Tonight I had dinner with Alex Zubillaga of Warner Music. During our dinner conversation we spoke a lot about the so called problem of music piracy, namely the heavy downloading going on on the internet that results in people filling up hard drive after hard drive with music that they do not have the rights to listen to. As we all know, the problem of illegal downloading is considered by most executives one of the biggest problems facing the music industry but for Alex Zubillaga who is in my view one of the smartest, more visionary thinkers in the music world this is not the case. Alex spends most of his creative time working on models that embrace music downloading without destroying the industry he represents. Now after brainstorming with Alex for a few hours I came back home and thought that the whole downloading phenomenom is likely to dissappear in the not so distant future. This is why.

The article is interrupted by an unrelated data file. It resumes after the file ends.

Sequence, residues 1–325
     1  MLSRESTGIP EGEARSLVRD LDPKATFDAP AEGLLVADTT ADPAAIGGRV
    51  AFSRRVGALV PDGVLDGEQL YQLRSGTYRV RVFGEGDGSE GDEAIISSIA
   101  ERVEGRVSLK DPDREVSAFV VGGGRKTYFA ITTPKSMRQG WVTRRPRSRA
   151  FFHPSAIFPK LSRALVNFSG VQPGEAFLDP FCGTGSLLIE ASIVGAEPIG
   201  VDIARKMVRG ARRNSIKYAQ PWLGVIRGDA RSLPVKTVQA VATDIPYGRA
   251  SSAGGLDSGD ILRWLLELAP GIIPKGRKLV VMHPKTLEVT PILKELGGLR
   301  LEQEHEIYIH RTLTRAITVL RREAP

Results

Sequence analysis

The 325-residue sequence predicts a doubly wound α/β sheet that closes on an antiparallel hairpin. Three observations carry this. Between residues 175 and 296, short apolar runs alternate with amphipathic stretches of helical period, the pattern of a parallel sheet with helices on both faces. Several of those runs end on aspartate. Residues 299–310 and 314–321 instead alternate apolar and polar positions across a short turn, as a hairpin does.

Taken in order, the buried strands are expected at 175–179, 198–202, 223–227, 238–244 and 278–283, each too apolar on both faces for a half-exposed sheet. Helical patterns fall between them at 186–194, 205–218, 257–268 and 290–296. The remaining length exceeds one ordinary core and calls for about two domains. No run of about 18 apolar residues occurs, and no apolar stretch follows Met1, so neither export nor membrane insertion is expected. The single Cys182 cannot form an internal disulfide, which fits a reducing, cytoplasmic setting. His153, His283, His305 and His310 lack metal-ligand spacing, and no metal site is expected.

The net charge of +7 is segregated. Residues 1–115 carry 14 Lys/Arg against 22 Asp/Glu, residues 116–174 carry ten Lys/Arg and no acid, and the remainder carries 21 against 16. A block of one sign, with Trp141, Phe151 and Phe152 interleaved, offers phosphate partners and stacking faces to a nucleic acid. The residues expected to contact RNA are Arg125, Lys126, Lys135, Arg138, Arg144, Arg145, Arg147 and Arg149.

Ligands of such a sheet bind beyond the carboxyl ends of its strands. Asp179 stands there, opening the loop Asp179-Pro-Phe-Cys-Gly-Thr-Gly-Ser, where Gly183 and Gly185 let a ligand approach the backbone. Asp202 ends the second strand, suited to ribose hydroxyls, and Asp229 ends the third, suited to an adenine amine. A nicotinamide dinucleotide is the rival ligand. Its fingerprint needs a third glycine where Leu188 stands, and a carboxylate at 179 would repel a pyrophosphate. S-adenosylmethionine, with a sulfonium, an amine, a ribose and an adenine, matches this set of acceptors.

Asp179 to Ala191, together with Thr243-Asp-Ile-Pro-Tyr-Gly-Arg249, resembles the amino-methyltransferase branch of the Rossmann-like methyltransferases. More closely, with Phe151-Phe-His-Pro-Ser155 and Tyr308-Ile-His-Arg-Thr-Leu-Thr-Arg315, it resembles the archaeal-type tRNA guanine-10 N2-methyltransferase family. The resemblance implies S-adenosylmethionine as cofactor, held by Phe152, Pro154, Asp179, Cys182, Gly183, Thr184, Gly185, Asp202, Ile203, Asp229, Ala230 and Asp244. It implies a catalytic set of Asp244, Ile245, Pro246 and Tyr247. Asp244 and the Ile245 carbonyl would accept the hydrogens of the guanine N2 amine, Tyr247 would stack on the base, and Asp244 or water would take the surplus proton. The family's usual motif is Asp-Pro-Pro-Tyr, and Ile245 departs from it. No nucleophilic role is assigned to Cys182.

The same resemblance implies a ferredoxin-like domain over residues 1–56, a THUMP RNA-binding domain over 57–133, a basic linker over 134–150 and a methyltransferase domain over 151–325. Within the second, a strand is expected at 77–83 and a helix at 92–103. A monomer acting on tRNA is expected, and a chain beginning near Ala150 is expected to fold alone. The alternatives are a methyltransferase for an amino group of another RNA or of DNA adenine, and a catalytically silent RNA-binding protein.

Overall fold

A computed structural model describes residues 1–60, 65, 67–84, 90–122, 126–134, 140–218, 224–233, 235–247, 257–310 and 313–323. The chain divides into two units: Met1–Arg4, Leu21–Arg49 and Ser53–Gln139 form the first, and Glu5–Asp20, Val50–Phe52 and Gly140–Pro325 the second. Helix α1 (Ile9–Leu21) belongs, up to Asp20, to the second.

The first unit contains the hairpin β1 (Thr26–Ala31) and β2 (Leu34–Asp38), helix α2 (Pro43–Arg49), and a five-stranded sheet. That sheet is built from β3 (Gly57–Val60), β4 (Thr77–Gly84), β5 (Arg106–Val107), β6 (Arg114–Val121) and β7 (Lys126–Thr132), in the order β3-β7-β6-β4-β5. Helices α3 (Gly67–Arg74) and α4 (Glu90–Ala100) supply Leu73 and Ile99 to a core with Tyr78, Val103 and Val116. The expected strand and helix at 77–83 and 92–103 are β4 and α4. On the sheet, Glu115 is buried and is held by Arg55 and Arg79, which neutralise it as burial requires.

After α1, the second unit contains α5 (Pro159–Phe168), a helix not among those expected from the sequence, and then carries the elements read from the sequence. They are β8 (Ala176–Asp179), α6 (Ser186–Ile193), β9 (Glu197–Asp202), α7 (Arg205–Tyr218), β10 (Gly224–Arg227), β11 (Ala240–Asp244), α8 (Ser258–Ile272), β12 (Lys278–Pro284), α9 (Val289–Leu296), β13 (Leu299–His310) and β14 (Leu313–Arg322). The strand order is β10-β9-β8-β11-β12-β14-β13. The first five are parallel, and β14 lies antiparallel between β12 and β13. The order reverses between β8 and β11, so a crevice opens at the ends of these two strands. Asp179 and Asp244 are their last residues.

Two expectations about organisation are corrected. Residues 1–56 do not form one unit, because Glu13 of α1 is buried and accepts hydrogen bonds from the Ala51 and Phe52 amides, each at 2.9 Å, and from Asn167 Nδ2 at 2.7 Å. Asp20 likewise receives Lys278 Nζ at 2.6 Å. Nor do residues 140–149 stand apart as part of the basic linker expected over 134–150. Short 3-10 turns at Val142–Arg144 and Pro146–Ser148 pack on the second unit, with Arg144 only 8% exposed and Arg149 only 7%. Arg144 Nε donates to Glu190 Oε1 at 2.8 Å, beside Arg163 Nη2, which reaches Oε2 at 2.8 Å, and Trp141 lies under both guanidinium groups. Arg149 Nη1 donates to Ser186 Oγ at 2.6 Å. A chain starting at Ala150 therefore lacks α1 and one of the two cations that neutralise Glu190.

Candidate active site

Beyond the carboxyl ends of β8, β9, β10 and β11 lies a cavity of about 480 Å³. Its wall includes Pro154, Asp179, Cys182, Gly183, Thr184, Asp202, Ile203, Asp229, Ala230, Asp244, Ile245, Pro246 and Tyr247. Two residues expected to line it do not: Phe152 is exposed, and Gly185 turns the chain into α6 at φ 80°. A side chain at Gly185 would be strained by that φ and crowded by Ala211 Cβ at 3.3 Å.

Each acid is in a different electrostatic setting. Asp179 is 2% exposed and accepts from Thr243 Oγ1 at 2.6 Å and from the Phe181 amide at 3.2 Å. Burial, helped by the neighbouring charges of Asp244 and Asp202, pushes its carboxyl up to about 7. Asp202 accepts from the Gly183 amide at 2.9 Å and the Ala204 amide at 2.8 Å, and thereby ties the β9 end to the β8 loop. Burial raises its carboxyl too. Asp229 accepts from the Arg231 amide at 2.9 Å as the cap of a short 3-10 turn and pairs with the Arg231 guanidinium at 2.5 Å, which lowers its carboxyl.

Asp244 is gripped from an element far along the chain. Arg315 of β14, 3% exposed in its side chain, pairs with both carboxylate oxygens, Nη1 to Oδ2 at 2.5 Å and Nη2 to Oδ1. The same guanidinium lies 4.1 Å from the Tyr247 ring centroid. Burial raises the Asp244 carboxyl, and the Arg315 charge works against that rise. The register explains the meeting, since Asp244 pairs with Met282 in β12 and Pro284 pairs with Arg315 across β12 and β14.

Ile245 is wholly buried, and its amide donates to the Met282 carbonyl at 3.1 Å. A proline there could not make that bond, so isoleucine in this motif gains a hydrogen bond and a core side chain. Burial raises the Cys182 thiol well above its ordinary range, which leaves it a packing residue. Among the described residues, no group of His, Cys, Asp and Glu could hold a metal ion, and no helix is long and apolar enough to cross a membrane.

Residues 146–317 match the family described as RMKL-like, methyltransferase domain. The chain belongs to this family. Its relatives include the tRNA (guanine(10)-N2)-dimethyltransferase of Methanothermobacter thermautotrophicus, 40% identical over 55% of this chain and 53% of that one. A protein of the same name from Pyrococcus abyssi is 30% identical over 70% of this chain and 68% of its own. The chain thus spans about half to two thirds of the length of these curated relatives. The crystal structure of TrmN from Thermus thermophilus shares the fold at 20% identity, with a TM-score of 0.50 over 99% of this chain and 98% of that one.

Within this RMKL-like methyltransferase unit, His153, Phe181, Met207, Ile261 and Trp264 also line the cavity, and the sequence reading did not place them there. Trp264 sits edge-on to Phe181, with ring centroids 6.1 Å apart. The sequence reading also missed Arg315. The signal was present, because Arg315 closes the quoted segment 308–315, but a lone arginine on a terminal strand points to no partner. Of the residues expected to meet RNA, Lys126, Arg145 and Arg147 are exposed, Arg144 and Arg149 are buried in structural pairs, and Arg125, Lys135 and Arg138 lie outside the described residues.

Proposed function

We are now evolving towards a world of ubiquitous home and office broadband (cable and DSL) connected to WiFi. At Fon with our formula of paying and sharing at home and enjoying WiFi everywhere, we are extending this environment to most city streets around the world. As this new world unfolds I believe that one of the surprising side effects of it will be the end of music and movie downloading. Why? Because in a world of ubiquitous wireless broadband downloading as an activity simply does not make sense anymore. In the future all iPodlike devices will have WiFi as the Music Gremlin does now. And homes will have systems such as Sonos that streams any song that you want whenever you want. Now when WiFi enabled iPods and Sonos like systems are hooked to services such as Napster or Rhapsody who give you instantaneous streamed access to 2 million songs a month. Why would you download music wasting time and costly hard drive space? In WiFi everywhere world Limewire becomes obsolete as Limewire is not free. Limewire has basically two very significant costs, one is hard drives and the other is your time organizing, labeling all your music. Napster, Rhapsody give you fantastic interfaces, instantaneously streamed music and a choice of 2 million song instead of 10,000. Bottom line. Downloading won’t be killed by laws or policing. It will be killed by broadband streaming technology available everywhere that will make downloading obsolete. And when services like Rhapsody appear for movies, namely all you can eat movies for $10 to $20 per month this will be even more the case. At 4GB per movie who wants to hoard say 10,000 movies when all you can watch is one at a time?

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